4. “Mix,” not “mongrel.” There are a lot of terms for dogs who do not belong to a specific breed. Some people consider the term “cross” appropriate for the dog who has two purebred parents of different breeds, and use “mix” or “mixed breed” for dogs whose ancestry includes more than two breeds. Both of these terms are descriptive and many consider them neither positive nor negative, but simply factual. However, “mongrel” and “cur,” which reference dogs of unknown or highly diverse ancestry, are considered to be derogatory.

What’s the difference? Using terms for dogs of complex or unknown ancestry that imply anything bad about such dogs is problematic since it suggests some dogs are inherently inferior or less valuable than other dogs. Interestingly, “mutt” used to be considered a rude way to refer to a dog who was not a purebred, but the term has been elevated to one of affection and respect. In fact, many use the term with the most positive of connotations. Again, language matters!

5. “Well-trained,” not “compliant/obedient.” When people talk about a dog who is compliant or obedient, there’s an implication that the dog is responding to force or power, neither of which is helpful in a loving relationship. On the other hand, if a dog’s behavior is admirable and the explanation is that the dog is well-trained, that conveys a much more positive feeling.

What’s the difference? Saying that a dog is well-trained suggests that the dog has learned a lot, and that someone has taken the time and effort to teach the dog how to behave. It is so much more pleasing to think (and say) that the dog knows what to do and does it rather than to assert that the dog is being coerced to act a certain way.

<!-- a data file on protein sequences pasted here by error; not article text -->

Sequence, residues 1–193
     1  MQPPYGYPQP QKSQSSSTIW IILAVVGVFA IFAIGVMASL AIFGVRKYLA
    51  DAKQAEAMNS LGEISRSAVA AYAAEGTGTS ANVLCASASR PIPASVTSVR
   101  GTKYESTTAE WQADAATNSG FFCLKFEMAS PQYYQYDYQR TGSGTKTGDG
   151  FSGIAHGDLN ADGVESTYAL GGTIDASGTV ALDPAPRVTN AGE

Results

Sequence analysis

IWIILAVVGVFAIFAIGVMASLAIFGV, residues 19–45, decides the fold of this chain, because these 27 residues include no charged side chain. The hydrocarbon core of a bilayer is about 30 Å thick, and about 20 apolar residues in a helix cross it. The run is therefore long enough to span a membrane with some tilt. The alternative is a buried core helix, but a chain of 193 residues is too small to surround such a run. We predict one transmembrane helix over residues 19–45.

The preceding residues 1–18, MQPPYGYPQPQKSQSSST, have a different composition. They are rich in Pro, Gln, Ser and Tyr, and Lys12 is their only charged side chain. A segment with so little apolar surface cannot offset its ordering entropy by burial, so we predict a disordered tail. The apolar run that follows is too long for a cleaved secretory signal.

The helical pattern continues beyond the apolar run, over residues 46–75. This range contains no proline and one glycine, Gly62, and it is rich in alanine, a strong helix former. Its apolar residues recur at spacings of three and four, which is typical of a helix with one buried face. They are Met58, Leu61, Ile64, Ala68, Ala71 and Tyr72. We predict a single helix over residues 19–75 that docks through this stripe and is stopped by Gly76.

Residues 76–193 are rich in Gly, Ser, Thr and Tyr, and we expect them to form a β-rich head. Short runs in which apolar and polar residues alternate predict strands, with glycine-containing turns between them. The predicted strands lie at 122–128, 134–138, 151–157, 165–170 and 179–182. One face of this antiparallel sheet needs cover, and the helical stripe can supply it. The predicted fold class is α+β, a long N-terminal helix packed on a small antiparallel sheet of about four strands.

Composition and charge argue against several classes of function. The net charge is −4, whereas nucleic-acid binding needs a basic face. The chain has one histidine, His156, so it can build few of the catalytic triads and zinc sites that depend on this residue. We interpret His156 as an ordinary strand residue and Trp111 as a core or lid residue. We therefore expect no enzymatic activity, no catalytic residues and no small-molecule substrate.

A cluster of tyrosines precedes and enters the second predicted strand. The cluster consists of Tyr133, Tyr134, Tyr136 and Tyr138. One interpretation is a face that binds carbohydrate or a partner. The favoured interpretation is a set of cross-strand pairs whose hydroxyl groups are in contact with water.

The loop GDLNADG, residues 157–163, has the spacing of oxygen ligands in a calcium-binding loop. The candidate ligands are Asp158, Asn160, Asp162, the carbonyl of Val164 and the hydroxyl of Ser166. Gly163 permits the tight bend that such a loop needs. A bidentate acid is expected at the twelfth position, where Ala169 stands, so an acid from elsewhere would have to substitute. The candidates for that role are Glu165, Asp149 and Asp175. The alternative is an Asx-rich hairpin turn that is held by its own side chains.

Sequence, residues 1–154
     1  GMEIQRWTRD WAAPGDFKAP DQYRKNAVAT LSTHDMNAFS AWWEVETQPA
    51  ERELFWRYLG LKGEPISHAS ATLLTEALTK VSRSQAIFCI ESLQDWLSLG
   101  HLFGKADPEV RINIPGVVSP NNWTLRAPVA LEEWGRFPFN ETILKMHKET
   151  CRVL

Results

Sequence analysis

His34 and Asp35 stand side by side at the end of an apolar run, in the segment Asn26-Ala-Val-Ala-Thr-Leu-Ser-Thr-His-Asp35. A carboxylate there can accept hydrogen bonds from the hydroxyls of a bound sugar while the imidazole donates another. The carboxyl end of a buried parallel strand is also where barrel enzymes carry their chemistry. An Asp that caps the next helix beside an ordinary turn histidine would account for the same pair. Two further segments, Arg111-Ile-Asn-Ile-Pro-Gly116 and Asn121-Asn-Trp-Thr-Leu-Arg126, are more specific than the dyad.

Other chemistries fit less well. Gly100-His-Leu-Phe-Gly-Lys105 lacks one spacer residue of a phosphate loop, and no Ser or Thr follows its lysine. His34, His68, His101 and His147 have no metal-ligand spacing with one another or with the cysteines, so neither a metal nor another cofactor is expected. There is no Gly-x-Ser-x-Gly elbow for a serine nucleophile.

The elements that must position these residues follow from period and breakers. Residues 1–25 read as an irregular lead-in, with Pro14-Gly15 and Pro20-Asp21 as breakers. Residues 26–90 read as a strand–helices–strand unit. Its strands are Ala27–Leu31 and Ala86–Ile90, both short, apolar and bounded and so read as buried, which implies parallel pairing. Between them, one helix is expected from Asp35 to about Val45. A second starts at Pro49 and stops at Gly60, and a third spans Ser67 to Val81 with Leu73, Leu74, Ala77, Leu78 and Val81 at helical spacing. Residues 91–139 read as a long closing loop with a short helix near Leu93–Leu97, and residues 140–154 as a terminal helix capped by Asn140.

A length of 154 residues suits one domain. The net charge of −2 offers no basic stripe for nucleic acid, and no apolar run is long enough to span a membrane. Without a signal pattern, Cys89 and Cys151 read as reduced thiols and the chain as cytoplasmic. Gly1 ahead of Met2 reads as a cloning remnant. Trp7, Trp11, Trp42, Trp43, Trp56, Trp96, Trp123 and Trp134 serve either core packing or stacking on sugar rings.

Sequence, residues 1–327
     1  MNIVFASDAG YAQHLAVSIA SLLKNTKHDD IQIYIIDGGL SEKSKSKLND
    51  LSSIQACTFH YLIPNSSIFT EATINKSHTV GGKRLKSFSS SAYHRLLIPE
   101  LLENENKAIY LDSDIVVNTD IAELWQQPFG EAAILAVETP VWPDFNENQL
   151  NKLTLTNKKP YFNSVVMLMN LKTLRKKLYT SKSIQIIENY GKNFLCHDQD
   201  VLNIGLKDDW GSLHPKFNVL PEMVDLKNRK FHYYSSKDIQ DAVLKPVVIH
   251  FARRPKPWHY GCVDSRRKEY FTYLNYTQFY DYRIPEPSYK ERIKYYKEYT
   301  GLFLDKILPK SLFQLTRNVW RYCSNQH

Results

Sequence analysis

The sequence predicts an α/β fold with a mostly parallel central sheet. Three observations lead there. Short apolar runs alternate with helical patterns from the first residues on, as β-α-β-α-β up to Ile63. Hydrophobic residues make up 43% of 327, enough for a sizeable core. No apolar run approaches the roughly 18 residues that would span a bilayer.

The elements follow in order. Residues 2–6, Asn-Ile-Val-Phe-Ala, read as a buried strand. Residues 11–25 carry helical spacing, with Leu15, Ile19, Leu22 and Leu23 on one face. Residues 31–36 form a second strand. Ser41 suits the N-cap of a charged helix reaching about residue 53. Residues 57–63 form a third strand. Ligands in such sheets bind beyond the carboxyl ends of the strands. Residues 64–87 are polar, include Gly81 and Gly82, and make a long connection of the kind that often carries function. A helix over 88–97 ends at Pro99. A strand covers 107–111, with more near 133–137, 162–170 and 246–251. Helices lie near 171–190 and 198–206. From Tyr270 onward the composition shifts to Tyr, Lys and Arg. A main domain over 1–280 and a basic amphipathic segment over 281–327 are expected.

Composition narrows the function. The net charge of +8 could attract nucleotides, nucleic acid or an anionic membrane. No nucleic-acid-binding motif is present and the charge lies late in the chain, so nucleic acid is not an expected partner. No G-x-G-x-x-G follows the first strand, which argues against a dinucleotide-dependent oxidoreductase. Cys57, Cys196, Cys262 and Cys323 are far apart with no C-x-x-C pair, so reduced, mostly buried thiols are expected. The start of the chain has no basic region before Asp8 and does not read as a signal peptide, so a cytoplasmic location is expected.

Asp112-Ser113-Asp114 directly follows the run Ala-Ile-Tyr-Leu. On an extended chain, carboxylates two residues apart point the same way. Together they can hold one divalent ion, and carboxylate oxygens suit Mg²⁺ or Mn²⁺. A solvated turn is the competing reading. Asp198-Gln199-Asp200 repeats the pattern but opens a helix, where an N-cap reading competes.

6. “Partners,” not “masters.” People who still refer to themselves as their dog’s master are viewing the relationship quite differently than people who call themselves their dog’s guardian, pet parent or best friend.

What’s the difference? The idea that dogs work for us is not the same as the notion that they work with us. There is a big difference between being teammates or partners with your dog and being your dog’s master. How we describe the relationship between ourselves and our dogs is an indication of how we think of that relationship.

Language matters when we’re talking about our dogs. Let’s choose our words thoughtfully and enjoy the benefits of more loving, more caring relationships with our canine companions.

Photo: Teodora Popa Photographer / Unsplash

Karen B. London, Ph.D. is a Certified Applied Animal Behaviorist and Certified Professional Dog Trainer who specializes in working with dogs with serious behavioral issues, including aggression. Karen writes the animal column for the Arizona Daily Sun and is an Adjunct Professor in the Department of Biological Sciences at Northern Arizona University. She is the author of six books about canine training and behavior, including her most recent, Treat Everyone Like a Dog: How a Dog Trainer’s World View Can Improve Your Life